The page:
The following day, Megillah readings took place at Chabad Uptown, Metairie, Tulane, Bilox and Baton Rouge as well as Lambeth House, David Antiques in the French Quarter and Moishe House, capped off by a final call reading at the Grand Purim Feast at Torah Academy.

This year’s Purim feast theme was Purim in the Big Apple. Torah Academy’s multi-purpose room was transformed into scenes of the New York street. A subway station, street vendors offering hot-dogs and pretzels, a NY deli and fish market, the Manhattan skyline and 770 Eastern Parkway completed the look. A Big Apple menu and awesome music by Panorama Jazz Band rounded out the evening. A host of creative New York themed costumes abounded, including a few NYPD cops who were arresting people for public intoxication. Photographer Gil Rubman captured the event on camera and his photos will be available next week, G-d willing. A big shout out to all of the volunteers and committee members for their hard work and efforts in pulling off a quality event. These outstanding themes and Purim parties are making it harder to top from year to year!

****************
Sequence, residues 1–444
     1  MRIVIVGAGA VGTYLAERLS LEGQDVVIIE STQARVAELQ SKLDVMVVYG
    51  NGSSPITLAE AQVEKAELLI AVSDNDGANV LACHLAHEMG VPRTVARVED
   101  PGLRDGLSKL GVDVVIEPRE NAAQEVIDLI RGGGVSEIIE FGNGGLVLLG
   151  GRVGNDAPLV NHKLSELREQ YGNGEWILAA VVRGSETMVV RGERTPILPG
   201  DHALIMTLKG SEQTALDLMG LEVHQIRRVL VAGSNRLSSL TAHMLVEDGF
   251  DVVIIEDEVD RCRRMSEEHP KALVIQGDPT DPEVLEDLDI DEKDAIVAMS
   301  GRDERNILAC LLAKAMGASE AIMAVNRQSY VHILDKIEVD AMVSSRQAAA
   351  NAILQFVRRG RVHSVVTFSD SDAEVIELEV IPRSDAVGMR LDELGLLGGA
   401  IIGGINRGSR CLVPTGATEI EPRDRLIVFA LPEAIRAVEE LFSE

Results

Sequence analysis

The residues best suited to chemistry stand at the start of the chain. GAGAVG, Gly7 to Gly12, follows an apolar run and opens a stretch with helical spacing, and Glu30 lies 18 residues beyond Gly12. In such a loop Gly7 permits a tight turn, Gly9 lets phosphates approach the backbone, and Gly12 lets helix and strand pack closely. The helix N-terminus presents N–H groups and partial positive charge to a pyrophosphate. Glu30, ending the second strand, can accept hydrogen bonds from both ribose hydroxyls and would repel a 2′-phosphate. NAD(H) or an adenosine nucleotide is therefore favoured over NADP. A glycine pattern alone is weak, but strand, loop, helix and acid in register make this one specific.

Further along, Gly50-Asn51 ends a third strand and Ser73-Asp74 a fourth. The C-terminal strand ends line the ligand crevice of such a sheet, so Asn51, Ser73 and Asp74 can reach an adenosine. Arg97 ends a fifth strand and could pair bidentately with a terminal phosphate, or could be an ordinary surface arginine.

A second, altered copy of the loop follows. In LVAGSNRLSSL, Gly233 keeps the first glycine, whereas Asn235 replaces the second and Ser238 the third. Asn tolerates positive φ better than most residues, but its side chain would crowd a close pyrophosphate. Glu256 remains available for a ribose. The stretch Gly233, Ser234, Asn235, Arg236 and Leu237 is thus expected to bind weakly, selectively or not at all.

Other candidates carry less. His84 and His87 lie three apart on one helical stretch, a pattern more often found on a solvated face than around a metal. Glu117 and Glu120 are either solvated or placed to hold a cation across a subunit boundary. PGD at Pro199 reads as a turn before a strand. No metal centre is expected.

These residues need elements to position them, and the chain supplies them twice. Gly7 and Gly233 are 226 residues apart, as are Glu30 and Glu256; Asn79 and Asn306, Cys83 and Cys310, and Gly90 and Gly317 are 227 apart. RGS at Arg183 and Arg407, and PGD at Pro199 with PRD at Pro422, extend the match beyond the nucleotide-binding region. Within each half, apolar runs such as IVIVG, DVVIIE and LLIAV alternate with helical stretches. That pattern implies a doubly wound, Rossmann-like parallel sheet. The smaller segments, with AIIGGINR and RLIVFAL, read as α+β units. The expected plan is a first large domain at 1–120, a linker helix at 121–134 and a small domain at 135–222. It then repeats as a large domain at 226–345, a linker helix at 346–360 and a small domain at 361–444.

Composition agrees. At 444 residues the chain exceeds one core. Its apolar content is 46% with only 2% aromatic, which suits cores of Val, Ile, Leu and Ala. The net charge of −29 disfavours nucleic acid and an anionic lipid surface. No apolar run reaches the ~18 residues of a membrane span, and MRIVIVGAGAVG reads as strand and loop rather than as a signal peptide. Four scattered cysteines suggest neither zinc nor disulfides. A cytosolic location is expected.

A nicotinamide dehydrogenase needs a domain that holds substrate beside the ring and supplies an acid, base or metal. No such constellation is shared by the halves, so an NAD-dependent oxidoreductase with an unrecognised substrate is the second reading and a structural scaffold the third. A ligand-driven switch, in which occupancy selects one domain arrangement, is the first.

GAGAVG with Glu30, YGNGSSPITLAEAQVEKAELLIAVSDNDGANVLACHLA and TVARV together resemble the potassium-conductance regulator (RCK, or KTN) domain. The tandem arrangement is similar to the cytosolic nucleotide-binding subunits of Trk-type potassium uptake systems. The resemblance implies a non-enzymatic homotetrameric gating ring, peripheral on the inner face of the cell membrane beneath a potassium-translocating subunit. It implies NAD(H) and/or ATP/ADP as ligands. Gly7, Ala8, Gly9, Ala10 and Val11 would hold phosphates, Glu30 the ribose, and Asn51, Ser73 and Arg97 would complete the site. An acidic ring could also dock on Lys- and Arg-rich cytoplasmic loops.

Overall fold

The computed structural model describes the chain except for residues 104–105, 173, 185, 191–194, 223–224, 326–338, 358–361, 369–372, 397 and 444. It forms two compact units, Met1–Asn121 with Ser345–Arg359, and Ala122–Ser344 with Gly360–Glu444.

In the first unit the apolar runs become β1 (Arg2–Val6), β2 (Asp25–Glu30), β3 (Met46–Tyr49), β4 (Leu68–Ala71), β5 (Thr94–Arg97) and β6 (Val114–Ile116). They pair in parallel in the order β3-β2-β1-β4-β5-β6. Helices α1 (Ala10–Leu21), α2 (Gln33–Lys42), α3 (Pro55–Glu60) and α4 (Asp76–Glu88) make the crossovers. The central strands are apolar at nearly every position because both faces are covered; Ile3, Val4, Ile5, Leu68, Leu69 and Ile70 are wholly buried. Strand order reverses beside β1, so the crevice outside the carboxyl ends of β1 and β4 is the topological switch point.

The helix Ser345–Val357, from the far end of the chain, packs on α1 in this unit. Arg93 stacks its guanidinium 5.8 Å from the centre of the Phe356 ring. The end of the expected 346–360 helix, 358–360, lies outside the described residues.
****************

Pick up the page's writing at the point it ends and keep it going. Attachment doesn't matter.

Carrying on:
Purim is now in the rear-view mirror which means that Pesach is around the corner… for all of your Pesach needs remember that is the place to go. We will have the Chametz sale form up next week, G-d willing. For your community Seder check in with Chabad Metairie – Our monthly Lunch N Learn will take place on Tuesday, March 28 and will have a Pesach related topic – the Four Sons of the Seder.

Today was the funeral of Saul Barber. I met Saul in the summer of 1998 when I started serving as Rabbi of Anshe Sfard. He was the long-time Gabbai of the Shul. He was a soft-spoken person who did not like the controversy often associated with Shul politics. But he was staunchly principled when it came to Synagogue customs and practices. He inherited a prayer book from his predecessor, Henry Katz, in which all of the Shul customs were marked. When High Holidays came, he was like a general, directing the order of the service and ensuring that it was done the correct way. He proudly shared with me his memories of growing up in the old neighborhood near the Shul and how his mother wore a Sheitel. His presence will be missed and may his memory be for a blessing.

Good Shabbos
Rabbi Mendel Rivkin

Party for the Heaven of it!